Short Shakespeare!

The Taming of the Shrew

February 25

April 7, 2012

in CST's Courtyard Theater

by William Shakespeare
adapted and directed by Rachel Rockwell

Something Borrowed, Something New

Shakespeare spun his intricate web of plot and subplot in The Taming of the Shrew from threads of old stories—and a brilliant imagination. No specific source for the Kate/Petruchio plot is known with certainty, though stories of shrewish wives and husbands' efforts to tame them have existed in folklore since the Christian mystery plays (when Mrs. Noah refused to heed her husband's bidding to board his ark). Chaucer's Wife of Bath was a shrew well known to Shakespeare and his Elizabethan audiences.

For many years, scholars looked at an anonymous play published in 1594, titled The Taming of a Shrew, as Shakespeare's primary source. "A Shrew" is similar to Shakespeare's "The Shrew" in plot, but not in language. In recent years, however, scholars have taken another look at this anonymous play and agree that because of its intricacies, it could not be the work of any known contemporary of Shakespeare. Instead, A Shrew has come to be viewed as a poor rendering of Shakespeare's own play that an actor or rival director transcribed from memory of a staged production of Shakespeare's play. Such transcriptions by memory were common in a day when plays were not typically published and sold until a theater company viewed their popularity waning. The existing, handwritten copies were held closely by the theater as precious collateral.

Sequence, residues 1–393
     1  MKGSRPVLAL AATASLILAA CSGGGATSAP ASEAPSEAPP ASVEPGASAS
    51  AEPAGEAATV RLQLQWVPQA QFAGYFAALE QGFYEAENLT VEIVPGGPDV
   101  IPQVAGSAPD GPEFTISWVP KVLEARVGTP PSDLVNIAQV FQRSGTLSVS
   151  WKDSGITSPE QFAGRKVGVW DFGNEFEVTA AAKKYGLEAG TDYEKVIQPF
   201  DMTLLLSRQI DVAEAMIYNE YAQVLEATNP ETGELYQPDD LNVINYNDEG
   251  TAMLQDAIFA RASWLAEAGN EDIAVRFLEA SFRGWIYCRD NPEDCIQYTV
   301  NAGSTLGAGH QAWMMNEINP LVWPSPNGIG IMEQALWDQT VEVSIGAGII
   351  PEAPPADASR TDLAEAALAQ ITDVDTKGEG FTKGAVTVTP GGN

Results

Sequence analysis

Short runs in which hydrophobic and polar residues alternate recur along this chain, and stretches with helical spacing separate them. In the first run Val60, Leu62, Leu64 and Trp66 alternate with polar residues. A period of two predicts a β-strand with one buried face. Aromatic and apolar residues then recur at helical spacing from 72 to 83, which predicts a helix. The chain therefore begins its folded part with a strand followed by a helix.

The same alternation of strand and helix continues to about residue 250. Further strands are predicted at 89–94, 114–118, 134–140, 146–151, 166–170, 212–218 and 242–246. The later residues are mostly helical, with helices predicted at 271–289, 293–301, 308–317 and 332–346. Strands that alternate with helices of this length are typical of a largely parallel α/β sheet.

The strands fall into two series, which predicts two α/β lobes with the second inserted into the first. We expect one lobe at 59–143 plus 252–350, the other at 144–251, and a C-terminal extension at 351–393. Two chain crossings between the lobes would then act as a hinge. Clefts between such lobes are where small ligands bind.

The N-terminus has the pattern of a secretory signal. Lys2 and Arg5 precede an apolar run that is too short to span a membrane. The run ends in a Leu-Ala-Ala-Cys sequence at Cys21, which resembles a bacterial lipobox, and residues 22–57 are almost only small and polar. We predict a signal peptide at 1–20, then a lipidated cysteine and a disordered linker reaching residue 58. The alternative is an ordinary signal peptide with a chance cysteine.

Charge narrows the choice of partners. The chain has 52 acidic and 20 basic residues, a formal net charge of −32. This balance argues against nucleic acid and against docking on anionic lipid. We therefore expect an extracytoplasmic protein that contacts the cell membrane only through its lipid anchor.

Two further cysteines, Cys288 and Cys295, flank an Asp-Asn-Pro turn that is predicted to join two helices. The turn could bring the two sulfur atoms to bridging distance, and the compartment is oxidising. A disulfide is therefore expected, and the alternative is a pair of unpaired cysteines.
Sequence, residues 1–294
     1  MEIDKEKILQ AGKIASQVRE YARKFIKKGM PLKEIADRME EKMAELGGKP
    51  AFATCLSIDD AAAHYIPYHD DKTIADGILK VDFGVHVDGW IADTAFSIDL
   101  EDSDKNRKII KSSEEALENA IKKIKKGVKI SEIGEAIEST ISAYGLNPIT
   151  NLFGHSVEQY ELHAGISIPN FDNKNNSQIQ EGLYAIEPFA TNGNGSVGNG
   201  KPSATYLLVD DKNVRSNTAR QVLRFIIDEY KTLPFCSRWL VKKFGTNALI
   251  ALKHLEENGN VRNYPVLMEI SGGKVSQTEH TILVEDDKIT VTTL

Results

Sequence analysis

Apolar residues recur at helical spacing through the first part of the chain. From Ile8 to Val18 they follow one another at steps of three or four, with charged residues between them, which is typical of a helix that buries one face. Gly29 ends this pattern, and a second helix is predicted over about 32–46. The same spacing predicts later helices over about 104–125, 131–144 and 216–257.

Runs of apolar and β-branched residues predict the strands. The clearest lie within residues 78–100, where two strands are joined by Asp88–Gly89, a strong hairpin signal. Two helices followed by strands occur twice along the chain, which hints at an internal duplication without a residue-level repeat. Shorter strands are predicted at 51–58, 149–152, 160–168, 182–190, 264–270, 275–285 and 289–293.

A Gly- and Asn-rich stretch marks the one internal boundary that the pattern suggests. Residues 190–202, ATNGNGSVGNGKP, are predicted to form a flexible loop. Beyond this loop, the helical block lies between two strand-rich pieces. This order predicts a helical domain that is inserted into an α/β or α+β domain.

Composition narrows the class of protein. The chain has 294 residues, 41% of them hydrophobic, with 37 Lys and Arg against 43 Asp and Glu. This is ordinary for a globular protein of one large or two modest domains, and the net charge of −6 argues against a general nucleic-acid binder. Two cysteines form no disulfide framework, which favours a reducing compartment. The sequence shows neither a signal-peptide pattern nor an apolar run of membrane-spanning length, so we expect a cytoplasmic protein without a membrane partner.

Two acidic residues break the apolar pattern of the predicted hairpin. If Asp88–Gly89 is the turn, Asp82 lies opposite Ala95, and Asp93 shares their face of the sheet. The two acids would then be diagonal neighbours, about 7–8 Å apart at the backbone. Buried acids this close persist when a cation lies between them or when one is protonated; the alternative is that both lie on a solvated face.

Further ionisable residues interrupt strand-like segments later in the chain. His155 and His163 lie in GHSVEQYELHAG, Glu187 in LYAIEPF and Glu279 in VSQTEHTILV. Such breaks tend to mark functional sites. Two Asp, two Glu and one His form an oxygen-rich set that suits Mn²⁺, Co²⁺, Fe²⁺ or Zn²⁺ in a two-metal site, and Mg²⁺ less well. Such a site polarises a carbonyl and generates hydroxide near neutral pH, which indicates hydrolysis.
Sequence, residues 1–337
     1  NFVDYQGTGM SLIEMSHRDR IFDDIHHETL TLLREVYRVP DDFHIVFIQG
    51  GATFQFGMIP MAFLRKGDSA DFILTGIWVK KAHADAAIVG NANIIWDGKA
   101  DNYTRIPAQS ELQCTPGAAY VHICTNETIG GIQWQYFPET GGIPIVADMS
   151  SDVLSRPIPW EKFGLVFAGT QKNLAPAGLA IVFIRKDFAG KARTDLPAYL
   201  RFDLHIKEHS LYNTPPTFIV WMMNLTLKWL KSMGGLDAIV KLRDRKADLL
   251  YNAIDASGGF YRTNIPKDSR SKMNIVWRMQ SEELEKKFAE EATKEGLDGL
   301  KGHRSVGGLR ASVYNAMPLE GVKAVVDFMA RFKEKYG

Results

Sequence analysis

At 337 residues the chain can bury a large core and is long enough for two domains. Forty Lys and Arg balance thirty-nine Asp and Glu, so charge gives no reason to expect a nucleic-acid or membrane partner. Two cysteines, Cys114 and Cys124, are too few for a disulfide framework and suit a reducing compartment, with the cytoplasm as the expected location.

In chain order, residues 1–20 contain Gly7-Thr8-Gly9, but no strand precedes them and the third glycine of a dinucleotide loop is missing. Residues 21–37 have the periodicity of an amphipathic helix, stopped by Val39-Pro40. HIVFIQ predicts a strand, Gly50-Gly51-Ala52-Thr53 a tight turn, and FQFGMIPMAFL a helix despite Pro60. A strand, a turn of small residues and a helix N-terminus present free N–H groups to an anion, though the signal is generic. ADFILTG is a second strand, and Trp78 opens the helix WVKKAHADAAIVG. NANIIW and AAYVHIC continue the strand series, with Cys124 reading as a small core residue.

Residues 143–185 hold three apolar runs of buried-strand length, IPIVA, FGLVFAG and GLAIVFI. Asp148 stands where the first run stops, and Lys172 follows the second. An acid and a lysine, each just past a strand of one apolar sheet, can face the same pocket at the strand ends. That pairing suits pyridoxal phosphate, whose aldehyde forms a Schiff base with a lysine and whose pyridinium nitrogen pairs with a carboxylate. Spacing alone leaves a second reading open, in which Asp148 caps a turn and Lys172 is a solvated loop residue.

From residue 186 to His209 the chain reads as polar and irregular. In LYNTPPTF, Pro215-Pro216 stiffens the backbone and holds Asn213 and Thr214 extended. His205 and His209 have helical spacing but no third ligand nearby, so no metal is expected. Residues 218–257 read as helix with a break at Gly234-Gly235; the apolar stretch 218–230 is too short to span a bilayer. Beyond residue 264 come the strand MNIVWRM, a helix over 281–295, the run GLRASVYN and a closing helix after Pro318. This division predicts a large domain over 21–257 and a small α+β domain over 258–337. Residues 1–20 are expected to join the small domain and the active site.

Plays were not looked upon as "literature" at all in the way that we view them today. Instead, a play to the Elizabethans was an active—and ever-changing—form of entertainment. It is quite likely that with each production of his plays, Shakespeare the writer/director/actor changed them, and, in certain cases (King Lear being the prime example), more than one text considered to be authentically Shakespeare still exists. Theater was an ongoing act of cultural creation, and its words were heard, not read. If this more recent theory is true, then Shakespeare's play was probably written before 1592, when A Shrew was first compiled. The many references in the play to Shakespeare's native Warwickshire suggest that perhaps he wrote this early comedy soon after he arrived in London in 1588 or 1589 from his home in rural England.

The "Bianca subplot" of The Taming of the Shrew also appears in A Shrew, though altered. This, too, was a well-known story to Shakespeare's audiences and was based upon a popular play entitled Supposes, first performed in London in 1566 and published in 1573. Its author, George Gascoigne, based his play on a popular Italian drama. Both these earlier works portray male suitors who adopt disguises and false behaviors ("supposes") to pursue a beautiful but unavailable young woman.

But it is in the weaving of the two plots—the taming of Kate and the wooing of Bianca—that Shakespeare's creative genius discovered new ground in this early play. And to these he added yet a third story—the "lording" of Christopher Sly that frames the play-within-a-play and announces its themes before we every meet the main characters. It is Shakespeare who takes these very different stories and traditions and creates his own themes, their separate worlds now as one.

– Contributed by the CST Education Department

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